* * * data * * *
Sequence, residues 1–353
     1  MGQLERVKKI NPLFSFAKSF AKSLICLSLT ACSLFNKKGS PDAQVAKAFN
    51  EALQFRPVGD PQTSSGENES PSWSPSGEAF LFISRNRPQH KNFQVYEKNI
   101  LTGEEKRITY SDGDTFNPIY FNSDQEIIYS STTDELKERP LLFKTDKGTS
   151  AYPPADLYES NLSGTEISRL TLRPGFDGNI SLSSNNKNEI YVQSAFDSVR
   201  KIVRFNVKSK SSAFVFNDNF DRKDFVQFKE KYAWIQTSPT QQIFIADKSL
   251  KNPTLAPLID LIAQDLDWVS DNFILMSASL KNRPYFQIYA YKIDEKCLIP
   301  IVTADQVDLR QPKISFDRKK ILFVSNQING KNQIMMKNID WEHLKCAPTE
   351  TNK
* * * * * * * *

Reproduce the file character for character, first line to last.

Sequence, residues 1–353
     1  MGQLERVKKI NPLFSFAKSF AKSLICLSLT ACSLFNKKGS PDAQVAKAFN
    51  EALQFRPVGD PQTSSGENES PSWSPSGEAF LFISRNRPQH KNFQVYEKNI
   101  LTGEEKRITY SDGDTFNPIY FNSDQEIIYS STTDELKERP LLFKTDKGTS
   151  AYPPADLYES NLSGTEISRL TLRPGFDGNI SLSSNNKNEI YVQSAFDSVR
   201  KIVRFNVKSK SSAFVFNDNF DRKDFVQFKE KYAWIQTSPT QQIFIADKSL
   251  KNPTLAPLID LIAQDLDWVS DNFILMSASL KNRPYFQIYA YKIDEKCLIP
   301  IVTADQVDLR QPKISFDRKK ILFVSNQING KNQIMMKNID WEHLKCAPTE
   351  TNK